Ethnographical and topographical description of Middle-Bácska settlements from 1859–60

Ethnographical and topographical description of Middle-Bácska settlements from 1859–60

Ethnographical and topographical description of Middle-Bácska settlements from 1859–60
Written By László Nebojszki
NSZL – Argumentum Publishing House, Budapest, 2021., 932+24 pages
ISBN 978 963 446 826 4

9 800,- Ft

Count Johann Coronini-Cronberg, the military and civil governor of the Serbian Vojvodina and Banat of Temes, ordered the local and ethnographic description of the settlements in an order dated 8 January 1859, with the help of leaders and intellectuals who were well acquainted with the local conditions of the various subjects. He fixed July 1859 as the deadline for submissions, and the end of February of the following year for works requiring all-year observation. The descriptions received in Temesvár (Timișoara), which in some cases could be regarded as small monographs, were forwarded to Henrik Kümmer, the provincial schools inspector, who later handed them over to Zsigmond Ormós, the chief notary of Temes (Timiș) County (and county government commissioner between 1867 and 1871). From him and through him they were transferred in 1872 to the South Hungarian Historical and Archaeological Museum Society founded in Temesvár. The members of the Bács-Bodrog County Historical Society, founded in Zombor (Sombor) in 1883, attempted to obtain the complete material in the early 1900s, but their colleagues in Timisoara, citing their regulations, offered only the possibility of studying it on the spot.

After the First World War, Timisoara was annexed to Romania, and the works are currently available at the State Archives of Timis County. In the 1970s, Professor Antal Scherer from Graz had photocopies made of them, at the same time microfilm copies were sent to the Archives of Vojvodina, and finally, in 1981, a copy was sent to Budapest in the framework of an exchange.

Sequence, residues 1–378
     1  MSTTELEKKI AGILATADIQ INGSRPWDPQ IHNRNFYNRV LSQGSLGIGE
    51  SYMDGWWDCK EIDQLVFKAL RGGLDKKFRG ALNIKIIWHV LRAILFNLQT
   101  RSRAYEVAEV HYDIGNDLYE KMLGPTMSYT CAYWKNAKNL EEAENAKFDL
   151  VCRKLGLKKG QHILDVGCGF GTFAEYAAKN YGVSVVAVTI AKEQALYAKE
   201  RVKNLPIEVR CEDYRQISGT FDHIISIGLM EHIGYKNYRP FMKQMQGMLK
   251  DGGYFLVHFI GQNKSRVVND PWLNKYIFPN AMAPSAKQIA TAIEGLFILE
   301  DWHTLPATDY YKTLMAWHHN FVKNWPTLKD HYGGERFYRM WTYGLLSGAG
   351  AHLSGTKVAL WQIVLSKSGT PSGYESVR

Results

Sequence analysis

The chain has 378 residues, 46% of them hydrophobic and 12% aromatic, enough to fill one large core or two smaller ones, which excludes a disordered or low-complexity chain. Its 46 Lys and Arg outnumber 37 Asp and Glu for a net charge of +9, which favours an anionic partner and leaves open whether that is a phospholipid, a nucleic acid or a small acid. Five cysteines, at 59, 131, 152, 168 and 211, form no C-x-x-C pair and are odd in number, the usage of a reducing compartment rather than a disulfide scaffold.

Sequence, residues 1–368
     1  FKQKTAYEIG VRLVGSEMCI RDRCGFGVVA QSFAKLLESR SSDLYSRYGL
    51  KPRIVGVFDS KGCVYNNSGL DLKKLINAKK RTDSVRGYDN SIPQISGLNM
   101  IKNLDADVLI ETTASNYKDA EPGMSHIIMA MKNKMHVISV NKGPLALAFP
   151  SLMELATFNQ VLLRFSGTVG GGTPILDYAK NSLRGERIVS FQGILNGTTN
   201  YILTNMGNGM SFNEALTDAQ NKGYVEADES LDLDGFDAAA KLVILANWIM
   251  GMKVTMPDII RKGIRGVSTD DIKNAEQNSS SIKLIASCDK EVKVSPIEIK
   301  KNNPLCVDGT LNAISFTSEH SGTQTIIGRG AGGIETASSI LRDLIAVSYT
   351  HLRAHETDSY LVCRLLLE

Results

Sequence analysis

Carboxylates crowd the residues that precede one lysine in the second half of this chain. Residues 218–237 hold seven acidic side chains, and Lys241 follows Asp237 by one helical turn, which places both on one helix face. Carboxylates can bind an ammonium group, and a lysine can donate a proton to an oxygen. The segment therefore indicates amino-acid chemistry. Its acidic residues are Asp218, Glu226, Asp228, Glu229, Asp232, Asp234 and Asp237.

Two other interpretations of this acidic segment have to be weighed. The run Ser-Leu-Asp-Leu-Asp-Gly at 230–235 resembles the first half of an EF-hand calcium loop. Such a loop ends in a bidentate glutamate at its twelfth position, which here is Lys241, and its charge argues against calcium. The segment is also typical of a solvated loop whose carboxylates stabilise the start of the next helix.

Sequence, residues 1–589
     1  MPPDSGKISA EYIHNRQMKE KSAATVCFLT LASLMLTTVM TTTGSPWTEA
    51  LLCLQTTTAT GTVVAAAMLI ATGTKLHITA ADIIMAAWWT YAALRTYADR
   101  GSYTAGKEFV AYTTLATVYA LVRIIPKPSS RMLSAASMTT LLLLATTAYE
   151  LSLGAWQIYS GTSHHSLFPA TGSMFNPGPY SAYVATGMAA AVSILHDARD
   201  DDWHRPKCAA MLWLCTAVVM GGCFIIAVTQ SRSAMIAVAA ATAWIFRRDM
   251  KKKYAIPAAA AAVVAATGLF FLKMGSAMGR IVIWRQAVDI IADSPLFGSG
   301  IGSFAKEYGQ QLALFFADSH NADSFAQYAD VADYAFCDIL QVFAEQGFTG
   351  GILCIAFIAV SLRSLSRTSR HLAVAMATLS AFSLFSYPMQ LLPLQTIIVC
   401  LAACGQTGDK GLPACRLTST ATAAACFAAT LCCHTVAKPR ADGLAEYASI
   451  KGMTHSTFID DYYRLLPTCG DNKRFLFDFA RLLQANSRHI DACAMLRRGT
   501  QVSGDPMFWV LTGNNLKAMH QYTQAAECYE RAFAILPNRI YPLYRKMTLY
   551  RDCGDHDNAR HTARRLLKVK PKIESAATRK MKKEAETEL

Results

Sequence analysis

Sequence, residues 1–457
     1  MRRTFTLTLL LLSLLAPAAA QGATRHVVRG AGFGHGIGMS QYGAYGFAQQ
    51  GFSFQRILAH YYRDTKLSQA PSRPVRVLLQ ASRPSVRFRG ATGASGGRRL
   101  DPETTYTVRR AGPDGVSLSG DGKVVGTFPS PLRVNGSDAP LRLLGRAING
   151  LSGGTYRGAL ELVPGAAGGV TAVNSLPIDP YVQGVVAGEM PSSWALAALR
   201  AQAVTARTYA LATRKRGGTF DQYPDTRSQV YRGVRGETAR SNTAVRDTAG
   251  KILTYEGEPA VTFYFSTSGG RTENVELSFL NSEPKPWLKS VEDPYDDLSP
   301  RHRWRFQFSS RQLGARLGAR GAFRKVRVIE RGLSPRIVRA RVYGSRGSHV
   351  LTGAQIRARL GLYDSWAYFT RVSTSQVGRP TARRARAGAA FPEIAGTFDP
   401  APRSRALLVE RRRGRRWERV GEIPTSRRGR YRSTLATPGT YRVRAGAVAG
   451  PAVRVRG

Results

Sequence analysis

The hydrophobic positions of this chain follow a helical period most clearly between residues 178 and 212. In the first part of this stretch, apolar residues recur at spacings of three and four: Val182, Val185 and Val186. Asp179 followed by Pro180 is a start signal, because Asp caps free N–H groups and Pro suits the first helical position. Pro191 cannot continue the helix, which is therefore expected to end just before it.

This hard-to-access, German but Gothic-lettered, handwritten text difficult to read and interpret, and the spelling and writing that varies from settlement to settlement have so far led many Germans who were displaced after the Second World War to work on a description or a detail of a description of their former settlements while preparing a monograph of their homeland. Little is known of this important material by those who study Hungarian ethnography and local history. The processing of the works on the settlements of Middle-Bácska adds important data to our knowledge of the period and the landscape in relation to the conditions prevailing in the middle of the 19th century.

In this publication we undertake to publish the works studied in Temesvár in both languages, with the necessary additions and studies. It should be noted here that the Gothic script (Fraktur) has been transcribed with accuracy in mind, while the Hungarian translation has been prepared with a view to making it readable and comprehensible. It is clear from the revived past that the people of Bácska contributed to the economic and social development of Hungary.